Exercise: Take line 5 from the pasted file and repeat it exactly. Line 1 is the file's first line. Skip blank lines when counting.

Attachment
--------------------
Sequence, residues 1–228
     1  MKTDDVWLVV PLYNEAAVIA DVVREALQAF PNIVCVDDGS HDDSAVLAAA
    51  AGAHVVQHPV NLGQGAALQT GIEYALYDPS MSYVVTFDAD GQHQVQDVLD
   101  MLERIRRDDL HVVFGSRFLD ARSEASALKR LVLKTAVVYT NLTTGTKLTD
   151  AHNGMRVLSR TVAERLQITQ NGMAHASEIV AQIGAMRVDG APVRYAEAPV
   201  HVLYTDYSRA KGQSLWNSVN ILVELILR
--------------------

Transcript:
   151  AHNGMRVLSR TVAERLQITQ NGMAHASEIV AQIGAMRVDG APVRYAEAPV